Prepping the World: There’s Still Progress to be Made in HIV Prevention

By Russell Etherton

Since 1988, when it was first recognized by the World Health Organization, the December 1 World AIDS Day observance has helped us unite around the fight to end AIDS and commemorate those whom we’ve lost worldwide since the beginning of the crisis. In the years since, medical science has made serious advances in treatment and prevention medications that have been proven to block disease transmission about 90 percent of the time. This has prompted some to ask if these advances—especially with Pre-Exposure Prophylaxis (PrEP), the single Truvada pill taken once daily to help prevent HIV transmission—will eventually eliminate the need for World AIDS Day. The answer, unfortunately, is no.

Over the last decade, the annual number of new HIV diagnoses has declined by 19 percent in the United States, according to the Center for Disease Control. Globally, the cases of new transmission have remained static, giving hope for an AIDS-free generation within our lifetime. But at the local level, Houston’s transmission rate has slowly increased, and we now have over 22,000 people living with HIV in Harris County.

With condoms and access to powerful prevention medications like PrEP, we now have the tools necessary to combat the spread of the disease and, in theory, to eliminate the need for an annual day of awareness to beat the drum for HIV prevention. But three key issues still stand in the way progress with global disease prevention:

Stigma: The “Truvada whore” label is real. Be it in conversation among friends at a bar, or a doctor making a snide comment, the stigma around HIV and the Truvada PrEP regimen is real. Some of this can be attributed to a lack of education and training on the part of the prescribing physician, but most of the problem lies with the misinformation regarding what it means to be positive, or how to stay negative. Fear and shame foster stigma, and not having open, educated conversations where a person can ask questions related to sex and HIV creates a closed environment. Fortunately, a bigger conversation around stigma has begun nationally, as evidenced by the fact that articles like this are being published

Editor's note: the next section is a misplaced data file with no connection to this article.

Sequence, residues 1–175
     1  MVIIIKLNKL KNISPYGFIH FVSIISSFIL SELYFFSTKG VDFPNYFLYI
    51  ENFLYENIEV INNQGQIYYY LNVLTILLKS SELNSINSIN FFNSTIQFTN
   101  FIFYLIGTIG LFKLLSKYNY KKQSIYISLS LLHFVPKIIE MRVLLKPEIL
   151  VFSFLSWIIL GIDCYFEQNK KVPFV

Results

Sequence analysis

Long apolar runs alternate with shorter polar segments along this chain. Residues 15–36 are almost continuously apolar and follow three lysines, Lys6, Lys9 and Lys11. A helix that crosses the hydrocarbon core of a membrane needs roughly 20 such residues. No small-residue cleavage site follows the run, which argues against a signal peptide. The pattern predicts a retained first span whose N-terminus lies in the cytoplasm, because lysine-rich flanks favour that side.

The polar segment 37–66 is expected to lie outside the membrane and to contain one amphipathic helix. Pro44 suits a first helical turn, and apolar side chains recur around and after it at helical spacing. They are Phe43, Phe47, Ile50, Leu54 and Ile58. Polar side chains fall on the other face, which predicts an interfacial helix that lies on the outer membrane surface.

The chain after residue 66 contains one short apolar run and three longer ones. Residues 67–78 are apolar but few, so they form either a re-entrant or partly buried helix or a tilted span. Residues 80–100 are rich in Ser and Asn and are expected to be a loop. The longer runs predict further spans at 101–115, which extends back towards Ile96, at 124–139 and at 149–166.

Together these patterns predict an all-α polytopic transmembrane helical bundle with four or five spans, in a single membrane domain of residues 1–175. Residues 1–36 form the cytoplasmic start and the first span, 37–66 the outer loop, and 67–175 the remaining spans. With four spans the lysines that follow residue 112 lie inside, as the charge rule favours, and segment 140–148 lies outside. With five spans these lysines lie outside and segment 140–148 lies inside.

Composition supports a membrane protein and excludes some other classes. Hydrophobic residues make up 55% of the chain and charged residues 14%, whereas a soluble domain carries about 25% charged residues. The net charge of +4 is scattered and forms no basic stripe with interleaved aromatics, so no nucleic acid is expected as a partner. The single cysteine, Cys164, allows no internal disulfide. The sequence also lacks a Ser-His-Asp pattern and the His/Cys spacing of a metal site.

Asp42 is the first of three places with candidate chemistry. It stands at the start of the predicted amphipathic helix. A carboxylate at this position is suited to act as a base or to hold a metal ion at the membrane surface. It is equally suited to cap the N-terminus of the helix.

Education: Let’s talk about sex. No, really . . . let’s talk about sex. And let’s also be honest: current sex education is a joke. In Texas, over 90 percent of Texas school districts use “abstinence only” as their sex-education message—discouraging the use of condoms and other forms of contraception. Since 1997, the federal government has spent some $1.5 billion dollars on abstinence-only, leaving a huge void of information at a time when we—and especially young students—need it the most. Texas ranks third in the nation for teen pregnancy, and second for repeat teen births. And Texas teens are reporting more frequent participation in high-risk behaviors, as well as not using a condom during their last sexual interaction.

Access: PrEP is not widely available. Pending regulatory measures and cost barriers for the consumer put PrEP out of reach for large populations. Currently there are only a handful of countries where Truvada is approved for HIV treatment, and even fewer where it’s approved for prevention. Unfortunately, areas with the highest transmission rates and HIV-positive populations (Sub-Saharan Africa, Latin America, and the Caribbean) also have little or no access to PrEP.

With this situation in mind, Houston’s local leaders are beginning to take action. Working with state and national leaders, advocates, public officials, and the Ford Foundation, Legacy Community Health is leading a groundbreaking five-year strategy to dramatically reduce new HIV cases in Houston. This “End New Diagnoses” (END) campaign is the first of its kind in Texas.

We have the science and the tools to treat and prevent the spread of HIV. What we don’t have is the collective national will to end the epidemic. Social factors like stigma and shame hinder conversation and prevent us from eradicating HIV. It’s time for this country, the State of Texas, and the City of Houston to get serious about ending the spread of HIV—and there’s no better time to start than on Thursday, December 1.

Russell Etherton is a community-relations manager for Legacy Community Health.


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